If you're overseeing a litter of darling newborn puppies, it's easy to feel a little stressed out. Even if you have lots of experience taking care of adult dogs, puppies are a whole new ballgame. Because puppies are born altricial animals -- unable to care for themselves -- they require a lot of care and diligent attention.
Facts About Newborn Puppies
Newborn puppies have zero need for solid foods during their first few weeks post-birth. If their mama dog is healthy and nursing properly, they have all that they need to grow and develop into strong and thriving doggies. If mom for whatever reason isn't in the picture or isn't capable of nursing, commercial puppy formula generally works well. Young pups don't need to start eating any solid foods until they are old enough to begin weaning, which usually is around 3 weeks old.
Sight and sound
As altricial creatures, newborn puppies simultaneously can't see or hear. Their eyes and ear canals are both closed tightly and don't start to open until several days after birth. For the ears, this process typically occurs when the little ones are 5 to 8 days in age. For the eyes, this usually happens when they're 8 to 14 days old. Newborn puppies always begin with pure deep blue peepers, although in most cases, this changes as they develop.
Unlike sleeping and feeding, crying isn't usually a big thing with newborn puppies. If you hear a wee pup crying inordinately, it could signal an issue that requires immediate veterinary attention. The crying could be a sign of sickness, cold or inadequate milk intake. Newborn puppies are delicate creatures, and it's crucial not to ignore any signs of abnormalities. Contact your vet if your pup cries persistently, or if you observe any other signs that something might be wrong -- think breathing problems, isolation from mama and siblings or lack of movement.
Puppies don't come out of the womb instantly knowing how to eliminate. Their mama dogs -- or human owners -- kindly help them out in that department. After feeding sessions, mother dogs encourage their offspring to urinate and pass stools by licking their rear and genital areas. Human caretakers can do the same thing by rubbing the puppies with warm and damp cloths. It usually takes the youngsters between 3 and 4 weeks to start eliminating without any assistance.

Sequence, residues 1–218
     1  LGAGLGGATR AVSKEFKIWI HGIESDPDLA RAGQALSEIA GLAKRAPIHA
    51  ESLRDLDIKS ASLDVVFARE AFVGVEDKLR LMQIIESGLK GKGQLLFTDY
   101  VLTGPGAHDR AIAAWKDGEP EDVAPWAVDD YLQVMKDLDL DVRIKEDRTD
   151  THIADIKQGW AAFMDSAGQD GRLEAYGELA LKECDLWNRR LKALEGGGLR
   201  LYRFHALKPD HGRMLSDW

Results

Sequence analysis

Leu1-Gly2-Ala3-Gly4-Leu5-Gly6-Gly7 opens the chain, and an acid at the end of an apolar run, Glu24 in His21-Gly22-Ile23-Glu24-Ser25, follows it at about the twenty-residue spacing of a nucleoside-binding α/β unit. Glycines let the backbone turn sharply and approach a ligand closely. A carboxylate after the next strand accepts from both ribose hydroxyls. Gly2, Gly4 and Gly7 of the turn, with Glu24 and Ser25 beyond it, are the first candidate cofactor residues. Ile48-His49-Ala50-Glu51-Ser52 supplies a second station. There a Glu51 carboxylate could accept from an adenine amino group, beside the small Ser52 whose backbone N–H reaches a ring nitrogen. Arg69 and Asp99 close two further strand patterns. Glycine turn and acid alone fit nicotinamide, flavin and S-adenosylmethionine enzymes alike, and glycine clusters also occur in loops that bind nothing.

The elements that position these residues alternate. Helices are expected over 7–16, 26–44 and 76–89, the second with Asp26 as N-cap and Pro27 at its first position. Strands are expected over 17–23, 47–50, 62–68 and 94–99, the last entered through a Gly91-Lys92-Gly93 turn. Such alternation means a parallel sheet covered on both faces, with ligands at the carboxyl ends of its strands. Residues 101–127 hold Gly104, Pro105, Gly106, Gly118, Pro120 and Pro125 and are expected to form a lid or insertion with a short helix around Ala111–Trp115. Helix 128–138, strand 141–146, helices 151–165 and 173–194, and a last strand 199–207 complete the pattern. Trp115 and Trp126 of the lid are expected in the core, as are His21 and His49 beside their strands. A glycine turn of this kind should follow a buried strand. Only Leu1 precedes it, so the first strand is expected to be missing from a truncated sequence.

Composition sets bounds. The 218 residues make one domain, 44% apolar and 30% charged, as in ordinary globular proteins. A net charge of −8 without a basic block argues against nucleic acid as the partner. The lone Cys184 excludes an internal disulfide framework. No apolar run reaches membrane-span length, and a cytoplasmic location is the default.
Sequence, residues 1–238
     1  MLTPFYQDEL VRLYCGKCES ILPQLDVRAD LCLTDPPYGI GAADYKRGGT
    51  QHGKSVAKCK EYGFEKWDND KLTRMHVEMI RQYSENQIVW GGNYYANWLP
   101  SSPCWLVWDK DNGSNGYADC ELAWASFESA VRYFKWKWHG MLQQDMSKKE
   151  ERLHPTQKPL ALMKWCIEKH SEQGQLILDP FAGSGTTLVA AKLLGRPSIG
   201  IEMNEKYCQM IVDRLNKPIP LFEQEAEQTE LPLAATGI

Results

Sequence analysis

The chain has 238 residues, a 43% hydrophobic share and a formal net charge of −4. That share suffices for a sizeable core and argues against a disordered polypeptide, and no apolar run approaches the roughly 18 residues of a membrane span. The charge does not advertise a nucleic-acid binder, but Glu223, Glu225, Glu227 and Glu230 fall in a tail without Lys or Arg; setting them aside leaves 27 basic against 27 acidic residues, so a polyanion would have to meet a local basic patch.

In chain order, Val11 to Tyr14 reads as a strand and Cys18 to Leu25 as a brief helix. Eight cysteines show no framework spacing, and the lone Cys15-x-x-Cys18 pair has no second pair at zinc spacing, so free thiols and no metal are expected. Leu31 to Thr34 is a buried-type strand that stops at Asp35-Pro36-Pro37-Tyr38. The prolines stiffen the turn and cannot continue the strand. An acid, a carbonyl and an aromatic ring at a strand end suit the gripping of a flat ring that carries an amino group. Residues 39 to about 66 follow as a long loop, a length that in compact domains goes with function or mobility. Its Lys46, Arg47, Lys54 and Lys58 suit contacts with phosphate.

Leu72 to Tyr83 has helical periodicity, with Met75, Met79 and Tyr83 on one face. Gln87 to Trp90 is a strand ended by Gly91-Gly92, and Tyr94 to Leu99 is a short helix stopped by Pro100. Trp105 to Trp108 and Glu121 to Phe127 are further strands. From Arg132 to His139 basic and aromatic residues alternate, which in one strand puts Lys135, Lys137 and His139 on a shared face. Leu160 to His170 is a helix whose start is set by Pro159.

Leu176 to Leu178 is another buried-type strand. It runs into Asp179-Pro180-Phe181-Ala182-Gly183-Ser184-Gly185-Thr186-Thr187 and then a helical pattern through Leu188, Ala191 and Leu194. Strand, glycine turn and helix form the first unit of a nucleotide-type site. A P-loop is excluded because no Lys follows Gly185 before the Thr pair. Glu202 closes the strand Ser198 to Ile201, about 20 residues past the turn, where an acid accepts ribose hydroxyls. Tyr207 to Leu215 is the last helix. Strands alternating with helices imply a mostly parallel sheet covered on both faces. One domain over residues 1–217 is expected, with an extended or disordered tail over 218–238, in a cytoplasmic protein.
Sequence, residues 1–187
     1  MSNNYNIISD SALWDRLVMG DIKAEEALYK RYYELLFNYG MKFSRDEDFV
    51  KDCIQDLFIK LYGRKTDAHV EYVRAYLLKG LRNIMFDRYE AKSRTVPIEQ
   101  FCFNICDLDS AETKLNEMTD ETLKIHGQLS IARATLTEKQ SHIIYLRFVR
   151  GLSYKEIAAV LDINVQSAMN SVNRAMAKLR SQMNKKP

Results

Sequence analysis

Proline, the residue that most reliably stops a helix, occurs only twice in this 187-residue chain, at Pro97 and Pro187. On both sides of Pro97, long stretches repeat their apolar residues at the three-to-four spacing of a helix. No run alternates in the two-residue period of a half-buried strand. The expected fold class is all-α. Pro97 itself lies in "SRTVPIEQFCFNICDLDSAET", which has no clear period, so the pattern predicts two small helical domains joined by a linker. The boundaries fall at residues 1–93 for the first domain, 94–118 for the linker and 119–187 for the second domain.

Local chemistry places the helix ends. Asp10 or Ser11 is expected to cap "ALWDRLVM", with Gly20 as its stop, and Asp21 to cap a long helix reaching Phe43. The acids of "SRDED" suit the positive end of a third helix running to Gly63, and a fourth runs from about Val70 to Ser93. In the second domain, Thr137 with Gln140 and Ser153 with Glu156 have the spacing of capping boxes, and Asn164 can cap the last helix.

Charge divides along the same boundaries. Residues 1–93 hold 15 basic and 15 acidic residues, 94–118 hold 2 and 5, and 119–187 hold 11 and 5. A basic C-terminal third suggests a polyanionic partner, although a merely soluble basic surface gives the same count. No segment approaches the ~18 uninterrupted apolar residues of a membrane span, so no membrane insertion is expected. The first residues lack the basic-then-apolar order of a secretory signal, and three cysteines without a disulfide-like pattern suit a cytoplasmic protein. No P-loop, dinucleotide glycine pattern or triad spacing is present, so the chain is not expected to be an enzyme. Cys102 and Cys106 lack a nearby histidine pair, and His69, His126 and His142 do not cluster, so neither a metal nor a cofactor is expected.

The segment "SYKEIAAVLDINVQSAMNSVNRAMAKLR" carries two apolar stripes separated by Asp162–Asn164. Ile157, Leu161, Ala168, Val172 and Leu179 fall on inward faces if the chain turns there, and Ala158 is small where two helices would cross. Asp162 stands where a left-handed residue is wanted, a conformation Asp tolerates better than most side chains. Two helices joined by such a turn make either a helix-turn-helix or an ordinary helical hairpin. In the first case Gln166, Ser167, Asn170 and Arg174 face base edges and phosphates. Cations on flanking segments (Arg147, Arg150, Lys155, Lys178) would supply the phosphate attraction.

Puppies rapidly grow into tiny balls of energy, although they definitely don't start out that way. The fur balls don't even stand up until they're at least 2 to 4 weeks in age. They also generally start walking during that time period. The classic canine behavior of barking also usually starts to emerge during this age bracket.
Typical birth weights for puppies differ according to breed. A German shepherd pup probably won't weigh the same at birth as a Chihuahua newborn, for example. However, rapid weight gain and development is the healthy norm for neonate pups. If a little guy is increasing his body weight by anywhere between 10 and 15 percent each day, then he's on the right track.
By Naomi Millburn
American Society for the Prevention of Cruelty to Animals: Newborn Puppy Care
DogChannel.com: Breeders and Newborn Puppies
The Humane Society of the United States: Puppy Behavior Basics
American Animal Hospital Association Healthy Pet: Caring for Puppies and Kittens
Brightwood Animal Hospital: Canine Raising Puppies
American Society for the Prevention of Cruelty to Animals: Weaning
Humane Society of El Paso: How to Care for Orphaned or Very Young Puppies
About the Author
Naomi Millburn has been a freelance writer since 2011. Her areas of writing expertise include arts and crafts, literature, linguistics, traveling, fashion and European and East Asian cultures. She holds a Bachelor of Arts in American literature from Aoyama Gakuin University in Tokyo.